Freedom of Speech – Freedom from Consequences

online abuse

Image credit: Garth Jones

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David French, a conservative writer for the National Review, was recently interviewed on NPR’s Fresh Air. He describes in the interview the fallout from his critical coverage of the online Alt-Right movement, particularly its connections to the Donald Trump campaign. He mentioned repeated tweets that his wife was cheating on him while he was stationed overseas; doctored photos of their black adopted daughter working in a field as a slave, or about to be killed by Donald Trump in a gas chamber. He talked about how he came to be afraid to turn on his Twitter timeline, because he knew he was about to read a deluge of abuse.

What is most shocking to me is how none of what I have described above comes as a shock.

French’s experience, the constant abusive ‘pinging’ of his online account; the targeting of his wife and family; the anti-semitic content of the abuse and, most of all, the sense of impotence in the face of being online and having no protection legally from anonymous and persistent harassment – all of that is familiar.

Every movement has its counter-movement. The internet’s idealistic pursuit of free speech and learning was always ripe for exploitation by parties who dominate, bully and attack. Early adopters who championed online culture as an anarchistic paradigm shift for society were brought down to earth with a sharp bump first by the monetizing of the internet – it turns out free information is not free. Then the legal grey area of online abuse became rich soil for hate speech and harassment.

This in turn yielded a response by online progressives. Tools such as The Block Bot – its tagline ‘Helping you ignore the eminently ignorable!’ – and the commonly circulated advice to ‘block the trolls’, allowed users of platforms like Twitter to shut down recurring attempts at online harassment.

So imagine my surprise when I learned this was considered ‘censorship’ by some. Apparently free speech trumps personal safety and mental health.

In Victoria, the 2006 Charter of Human Rights and Responsibilities Act holds that

  1. Every person has the right to hold an opinion without interference.
  2. Every person has the right to freedom of expression which includes the freedom to seek, receive and impart information and ideas of all kinds, whether within or outside Victoria and whether-

   (a)  orally; or

   (b)  in writing; or

   (c)  in print; or

   (d)  by way of art; or

   (e)  in another medium chosen by him or her.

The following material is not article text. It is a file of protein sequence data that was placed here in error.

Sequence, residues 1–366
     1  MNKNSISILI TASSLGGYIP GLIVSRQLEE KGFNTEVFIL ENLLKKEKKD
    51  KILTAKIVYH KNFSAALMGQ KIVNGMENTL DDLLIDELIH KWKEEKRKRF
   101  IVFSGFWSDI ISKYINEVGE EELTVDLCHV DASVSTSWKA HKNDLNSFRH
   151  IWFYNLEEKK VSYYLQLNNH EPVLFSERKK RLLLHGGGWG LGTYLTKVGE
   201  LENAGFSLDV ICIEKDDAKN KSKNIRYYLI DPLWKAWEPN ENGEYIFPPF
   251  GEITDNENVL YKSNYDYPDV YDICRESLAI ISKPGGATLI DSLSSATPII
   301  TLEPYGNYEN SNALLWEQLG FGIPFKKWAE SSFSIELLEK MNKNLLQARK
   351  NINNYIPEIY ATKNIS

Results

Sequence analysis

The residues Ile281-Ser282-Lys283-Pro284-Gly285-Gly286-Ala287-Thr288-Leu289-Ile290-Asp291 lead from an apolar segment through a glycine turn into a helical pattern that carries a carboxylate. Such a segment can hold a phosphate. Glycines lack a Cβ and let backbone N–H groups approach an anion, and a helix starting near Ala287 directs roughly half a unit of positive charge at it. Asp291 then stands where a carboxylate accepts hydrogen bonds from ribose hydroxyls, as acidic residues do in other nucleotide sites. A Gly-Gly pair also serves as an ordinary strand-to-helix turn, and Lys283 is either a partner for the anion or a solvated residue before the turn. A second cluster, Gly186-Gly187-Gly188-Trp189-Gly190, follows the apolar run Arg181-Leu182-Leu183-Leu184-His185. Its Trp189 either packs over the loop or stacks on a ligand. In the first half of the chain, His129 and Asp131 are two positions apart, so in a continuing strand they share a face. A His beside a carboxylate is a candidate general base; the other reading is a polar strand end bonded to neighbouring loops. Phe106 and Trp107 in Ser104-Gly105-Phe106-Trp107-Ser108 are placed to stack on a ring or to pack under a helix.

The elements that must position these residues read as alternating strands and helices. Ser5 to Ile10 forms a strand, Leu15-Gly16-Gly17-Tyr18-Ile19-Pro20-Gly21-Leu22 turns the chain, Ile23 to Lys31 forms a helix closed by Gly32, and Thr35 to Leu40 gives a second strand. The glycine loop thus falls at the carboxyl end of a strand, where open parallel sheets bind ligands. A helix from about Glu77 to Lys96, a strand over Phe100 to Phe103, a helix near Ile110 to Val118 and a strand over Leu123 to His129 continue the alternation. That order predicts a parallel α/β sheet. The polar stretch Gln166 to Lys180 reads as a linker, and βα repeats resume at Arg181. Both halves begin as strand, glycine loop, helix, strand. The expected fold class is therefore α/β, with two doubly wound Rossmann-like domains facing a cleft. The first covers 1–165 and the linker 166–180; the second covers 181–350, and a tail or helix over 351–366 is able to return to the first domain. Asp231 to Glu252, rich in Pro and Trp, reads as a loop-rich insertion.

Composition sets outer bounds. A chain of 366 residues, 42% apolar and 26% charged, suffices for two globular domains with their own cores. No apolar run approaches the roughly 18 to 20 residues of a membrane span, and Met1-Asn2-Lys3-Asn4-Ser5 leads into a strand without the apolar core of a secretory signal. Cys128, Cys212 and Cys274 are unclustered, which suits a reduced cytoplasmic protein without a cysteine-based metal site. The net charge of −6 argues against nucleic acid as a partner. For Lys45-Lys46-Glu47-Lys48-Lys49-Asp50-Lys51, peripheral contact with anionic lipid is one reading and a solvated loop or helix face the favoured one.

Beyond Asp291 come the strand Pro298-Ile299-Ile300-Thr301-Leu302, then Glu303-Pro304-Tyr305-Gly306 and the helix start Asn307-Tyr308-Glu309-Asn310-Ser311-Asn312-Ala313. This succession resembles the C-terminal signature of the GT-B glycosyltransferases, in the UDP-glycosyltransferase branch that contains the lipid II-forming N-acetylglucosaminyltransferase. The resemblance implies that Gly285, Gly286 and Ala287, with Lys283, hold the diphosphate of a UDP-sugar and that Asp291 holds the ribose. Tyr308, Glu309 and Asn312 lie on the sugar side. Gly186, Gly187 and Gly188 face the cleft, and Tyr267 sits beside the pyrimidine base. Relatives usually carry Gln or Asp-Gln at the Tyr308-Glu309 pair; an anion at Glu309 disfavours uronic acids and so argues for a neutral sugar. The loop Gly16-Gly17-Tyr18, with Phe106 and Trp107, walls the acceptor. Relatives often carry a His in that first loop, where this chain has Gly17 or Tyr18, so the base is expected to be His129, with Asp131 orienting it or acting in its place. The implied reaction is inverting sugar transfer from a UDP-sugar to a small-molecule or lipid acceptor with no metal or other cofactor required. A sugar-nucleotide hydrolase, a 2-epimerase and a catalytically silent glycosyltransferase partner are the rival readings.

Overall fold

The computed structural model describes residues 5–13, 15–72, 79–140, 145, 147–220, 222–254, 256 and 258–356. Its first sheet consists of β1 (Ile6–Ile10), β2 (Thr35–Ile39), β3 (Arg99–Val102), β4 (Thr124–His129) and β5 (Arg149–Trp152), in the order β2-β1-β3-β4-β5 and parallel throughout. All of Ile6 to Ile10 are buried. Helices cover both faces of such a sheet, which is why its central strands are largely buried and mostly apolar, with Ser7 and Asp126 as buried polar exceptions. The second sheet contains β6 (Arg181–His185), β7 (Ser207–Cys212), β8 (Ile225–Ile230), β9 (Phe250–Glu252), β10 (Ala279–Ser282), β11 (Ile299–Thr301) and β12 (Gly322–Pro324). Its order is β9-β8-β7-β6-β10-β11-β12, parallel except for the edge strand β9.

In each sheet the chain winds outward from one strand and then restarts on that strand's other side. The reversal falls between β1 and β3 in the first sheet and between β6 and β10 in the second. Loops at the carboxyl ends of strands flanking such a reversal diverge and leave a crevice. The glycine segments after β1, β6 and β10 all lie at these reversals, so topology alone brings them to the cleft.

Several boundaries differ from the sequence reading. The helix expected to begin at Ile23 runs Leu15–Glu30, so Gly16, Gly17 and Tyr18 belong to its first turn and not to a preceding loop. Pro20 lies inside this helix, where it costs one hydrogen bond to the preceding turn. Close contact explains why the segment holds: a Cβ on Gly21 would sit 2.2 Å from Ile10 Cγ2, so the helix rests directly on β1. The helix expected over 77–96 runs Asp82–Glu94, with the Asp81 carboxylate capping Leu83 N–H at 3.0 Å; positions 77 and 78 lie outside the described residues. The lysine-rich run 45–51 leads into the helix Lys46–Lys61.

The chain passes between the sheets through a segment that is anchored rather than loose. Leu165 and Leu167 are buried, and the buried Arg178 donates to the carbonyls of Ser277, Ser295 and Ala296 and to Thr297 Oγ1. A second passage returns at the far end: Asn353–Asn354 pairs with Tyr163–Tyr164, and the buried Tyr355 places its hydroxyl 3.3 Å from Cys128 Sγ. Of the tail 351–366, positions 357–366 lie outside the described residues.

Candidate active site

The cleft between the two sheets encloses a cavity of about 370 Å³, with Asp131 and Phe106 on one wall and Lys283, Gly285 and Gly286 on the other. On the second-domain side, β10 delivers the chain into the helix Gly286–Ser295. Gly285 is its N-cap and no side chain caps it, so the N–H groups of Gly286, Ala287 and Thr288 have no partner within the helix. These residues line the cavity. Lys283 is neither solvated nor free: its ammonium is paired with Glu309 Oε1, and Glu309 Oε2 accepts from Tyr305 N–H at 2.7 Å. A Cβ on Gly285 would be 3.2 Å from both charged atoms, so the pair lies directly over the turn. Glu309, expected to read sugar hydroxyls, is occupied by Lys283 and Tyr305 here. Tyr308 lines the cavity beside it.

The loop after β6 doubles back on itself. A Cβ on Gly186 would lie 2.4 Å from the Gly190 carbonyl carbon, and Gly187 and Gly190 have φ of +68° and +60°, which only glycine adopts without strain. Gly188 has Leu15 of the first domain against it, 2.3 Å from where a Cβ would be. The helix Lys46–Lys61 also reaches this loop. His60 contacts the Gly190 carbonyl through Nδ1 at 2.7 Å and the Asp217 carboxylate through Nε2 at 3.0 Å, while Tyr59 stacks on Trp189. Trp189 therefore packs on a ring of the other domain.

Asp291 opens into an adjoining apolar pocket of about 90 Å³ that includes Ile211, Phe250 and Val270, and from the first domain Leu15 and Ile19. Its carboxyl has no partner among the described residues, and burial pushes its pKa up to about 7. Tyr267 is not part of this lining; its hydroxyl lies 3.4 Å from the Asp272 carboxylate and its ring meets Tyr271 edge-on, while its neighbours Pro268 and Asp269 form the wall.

I have understood freedom of speech to mean freedom from prosecution by authorities for holding political views, or personal beliefs,  that are at odds with that regime. I was also under the impression this was a concept more codified by American law. Online platforms like Twitter are based out of the States. The more hard-nosed libertarianism of Silicon Valley is bleeding through to how men and women around the world communicate using these tools.

This is all important to understand, because in the name of free speech, abuse or harassment is reclassified as ‘discussion’. A free exchange of opinions and views. Another tactic is for someone with a large following to identify an opponent and then target them with a seemingly innocuous message  – say something like, ‘look at what this fool is saying’ – effectively dogwhistling for a mass of individual users to go on the attack.

If you look to protect yourself by blocking these messages, you are accused of censoring free speech.

In Charlie Brooker’s science fiction anthology series Black Mirror, a character says ‘there’s no cure for the internet’. This medium for information is now indelibly embedded in our lives.

So much of our interactions online are made via the exchange of personal data. We are living online in a way that we never did with print, where there was always a distance between the medium and the message. That brings with it risk for us as users, and with that risk a need for protection.

The act of bullying depends on making others vulnerable and left feeling exposed. We as citizens of the online world have every right to defend ourselves, to not provide an outlet or platform in order to faciliate personal abuse in the name of free expression.

That is not censorship. That is standing up for oneself in the face of the mob.

On this week’s Friday Forum: what is the best way to respond to online bullying and abuse? 


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